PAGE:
Wolf Swallowing The Moon: A Mythic Tale of Cosmic Predators

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In the vast tapestry of Norse mythology, where gods, giants, and mystical creatures weave their destinies, there exists a captivating tale of celestial hunters. This saga unfolds in the shadowy expanse of the night sky, where two relentless wolves pursue their cosmic quarry. Let us delve into the myth of Hati Hróðvitnisson and Sköll, the moon-chasers and sun-hunters.

The Chasing Wolves

Hati Hróðvitnisson: The Moon’s Nemesis

Hati, whose name translates to “He Who Hates” or “Enemy,” is a warg—a wolf of supernatural proportions. According to the ancient Norse texts, penned by Snorri Sturluson in his Prose Edda, Hati relentlessly pursues Máni, the Moon, across the night sky. As the silver orb glides through the celestial realms, Hati’s hunger drives him onward, until the fateful day of Ragnarök—the cataclysmic end of the world—when he will finally swallow the Moon whole.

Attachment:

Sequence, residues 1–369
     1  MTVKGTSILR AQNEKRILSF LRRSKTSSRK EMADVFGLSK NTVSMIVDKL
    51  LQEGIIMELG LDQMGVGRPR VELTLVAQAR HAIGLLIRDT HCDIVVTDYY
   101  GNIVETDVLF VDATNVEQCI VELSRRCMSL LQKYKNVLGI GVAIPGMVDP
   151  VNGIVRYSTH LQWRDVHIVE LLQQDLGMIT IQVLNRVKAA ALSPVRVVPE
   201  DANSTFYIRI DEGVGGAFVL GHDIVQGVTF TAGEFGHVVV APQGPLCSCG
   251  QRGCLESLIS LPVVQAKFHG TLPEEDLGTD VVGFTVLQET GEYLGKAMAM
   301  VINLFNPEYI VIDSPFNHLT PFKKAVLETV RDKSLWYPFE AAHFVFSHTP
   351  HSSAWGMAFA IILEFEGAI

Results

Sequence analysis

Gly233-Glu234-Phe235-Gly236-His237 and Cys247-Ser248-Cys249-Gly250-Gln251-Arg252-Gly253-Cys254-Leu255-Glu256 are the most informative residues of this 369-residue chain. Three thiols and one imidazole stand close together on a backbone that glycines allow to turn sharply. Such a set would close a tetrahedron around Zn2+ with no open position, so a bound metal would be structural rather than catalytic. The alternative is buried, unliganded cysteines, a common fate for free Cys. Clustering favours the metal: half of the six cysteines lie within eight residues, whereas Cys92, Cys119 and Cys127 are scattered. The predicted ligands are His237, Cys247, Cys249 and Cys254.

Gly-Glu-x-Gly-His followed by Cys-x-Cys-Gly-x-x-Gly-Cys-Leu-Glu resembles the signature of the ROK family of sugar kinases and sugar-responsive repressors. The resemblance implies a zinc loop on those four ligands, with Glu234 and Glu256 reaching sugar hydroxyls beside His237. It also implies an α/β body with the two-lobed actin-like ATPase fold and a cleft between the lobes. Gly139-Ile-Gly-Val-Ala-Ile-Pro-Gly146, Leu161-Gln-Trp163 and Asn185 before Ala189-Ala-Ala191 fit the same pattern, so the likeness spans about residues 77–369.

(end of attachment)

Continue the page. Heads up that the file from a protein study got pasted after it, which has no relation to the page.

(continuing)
Sköll: The Sun’s Tormentor

Sköll, another enigmatic wolf, is Hati’s counterpart. By day, he chases Sól, the Sun, riding her radiant chariot across the heavens. His pursuit is ceaseless, and like Hati, he awaits Ragnarök, when the Sun will meet its fiery demise. The ancient seers prophesied that during this apocalyptic twilight, Sköll will consume the Sun, plunging the world into darkness.

 

The Cosmic Dance

As the celestial ballet unfolds, Hati and Sköll mirror each other’s movements. When one rests, the other springs forth, their hunger insatiable. Their pursuit transcends mere physical hunger; it embodies the cosmic balance—the eternal struggle between light and shadow, day and night. The Moon and Sun, luminous and vital, are their elusive prey.

 


References:

  1. Byock, Jesse. (Trans.) The Prose Edda, page 164. (2006) Penguin Classics ISBN 0-14-044755-5 1.
  2. Dronke, Ursula. The Poetic Edda Volume 2 Mythological Poems. Oxford: Clarendon Press – Oxford University, 1997, repr. 2001, ISBN 0-19-811181-9, note to “Völuspá” 39/7–8, pp. 142–43 2.
  3. Snorri Sturluson, Edda, Everyman Library, London: Dent, 1987, repr. 1998, ISBN 0-460-87616-3, p. 15, “sun’s snatcher” 23.

 

 

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